Methodologies And Flows In A Rapidly Changing Market


A growing push toward more heterogeneity and customization in chip design is creating havoc across the global supply chain, which until a couple years ago was highly organized and extremely predictable. While existing tools still work well enough, no one has yet figured out the most efficient way to use them in a variety of new applications. Technology is still being developed in those marke... » read more

The Race To Design Larger Systems


For more than a decade, tools vendors and design houses have been talking about leveraging their tools and expertise to help design systems of systems. They're finally getting their chance. The basic idea behind this strategy has always been that issues inside any electronic system—performance, power, signal integrity, area—have all been dealt all the way down to the sub-atomic level in ... » read more

What Will Intel Do Next?


The writing is on the wall for big processor makers. Apple, Amazon, Facebook and Google are developing their own processors. In addition, there are more than 30 startups developing various types of AI accelerators, as well as a field of embedded FPGA vendors, a couple of discrete FPGA makers, and a slew of soft processor cores. This certainly hasn't been lost on Intel. As the world's largest... » read more

Architects Firmly In Control


Moore's Law isn't dead, but it certainly isn't what it used to be. While there may be three or four more generations of node shrinks ahead, the power/performance benefits of scaling are falling off. This is evident in new chip architectures that were introduced at this year's Hot Chips conference. Originally started to show off the latest CPUs and co-processors, in past years the focus has b... » read more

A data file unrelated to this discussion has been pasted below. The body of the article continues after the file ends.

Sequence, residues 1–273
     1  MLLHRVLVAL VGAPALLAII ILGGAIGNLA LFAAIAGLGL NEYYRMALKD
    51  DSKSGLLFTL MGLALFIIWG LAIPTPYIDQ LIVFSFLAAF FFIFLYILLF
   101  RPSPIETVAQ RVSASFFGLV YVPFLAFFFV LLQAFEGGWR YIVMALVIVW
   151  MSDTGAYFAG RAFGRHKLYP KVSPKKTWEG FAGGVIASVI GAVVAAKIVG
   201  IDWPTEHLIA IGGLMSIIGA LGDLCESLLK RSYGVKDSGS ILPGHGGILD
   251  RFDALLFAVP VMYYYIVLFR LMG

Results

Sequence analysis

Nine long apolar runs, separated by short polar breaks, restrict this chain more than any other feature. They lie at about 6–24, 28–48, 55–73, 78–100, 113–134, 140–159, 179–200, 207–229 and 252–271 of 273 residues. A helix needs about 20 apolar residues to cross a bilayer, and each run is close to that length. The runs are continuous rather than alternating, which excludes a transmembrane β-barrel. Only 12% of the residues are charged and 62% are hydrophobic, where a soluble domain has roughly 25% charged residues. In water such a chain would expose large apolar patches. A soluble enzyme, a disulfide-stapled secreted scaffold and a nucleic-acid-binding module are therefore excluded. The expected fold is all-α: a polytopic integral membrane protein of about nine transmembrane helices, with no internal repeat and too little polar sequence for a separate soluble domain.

Solving Systemic Complexity


EDA and IP companies have begun branching out in entirely new directions over the past 12 to 18 months, pouring resources into entirely different problems than electrostatic issues and routing complexity. While they're still focused on solving complexity at 10/7/5nm, they also recognize that enabling Moore's Law isn't the only opportunity. For an increasing number of new and established chip... » read more

Toward Cross-Layer Resilience


Connected devices are everywhere, and the numbers are growing by orders of magnitude. There are 7 billion people on the planet, but there are expected to be many more billions of connected devices. Each person may have dozens of devices with multiple chips, and those will be connected through infrastructures filled with thousands of additional chips. The problem is that as everything gets c... » read more

The 3D Printing Revolution


3D printing always has been intriguing. More recently, it has become truly useful. And in the near future, it will become increasingly controversial. There are videos on YouTube documenting entire homes that are being printed in as little as 8 hours, priced as low as $4,000. So while there is a lot of buzz about AI eliminating jobs, 3D printing could add become another significant threat. ... » read more

The Great Chip Shakeup


Facebook, Alibaba, Google, Apple and Samsung are all designing their own chips. So are Cisco and Huawei. So what exactly does this mean for big chipmakers and the semiconductor ecosystem? While your first impulse might be to draw a straight line between Qualcomm's decision to cut 1,500 jobs and reports about giant systems companies developing chips in-house, it's not clear there is any corre... » read more

Smaller, Faster, Cheaper—But Different


The old mantra of "smaller, faster, cheaper" has migrated from the chip level to the electronic system level, raising some interesting questions about where the real value is being generated. Smaller as it pertains to gate size, line widths and spaces, will continue in an almost straight line for at least the next decade. The ability to print three-dimensional features on a nanoscale using E... » read more

Who Will Regulate Technology?


Outside regulation and technological innovation don't mix well, particularly when it comes to modern electronics, but the potential for that kind of oversight is rising. In the past, most of the problems involving regulation stemmed from a lack of understanding about technology and science. This is hardly a new phenomenon. It literally dates back centuries. Galileo was forced to recant helio... » read more

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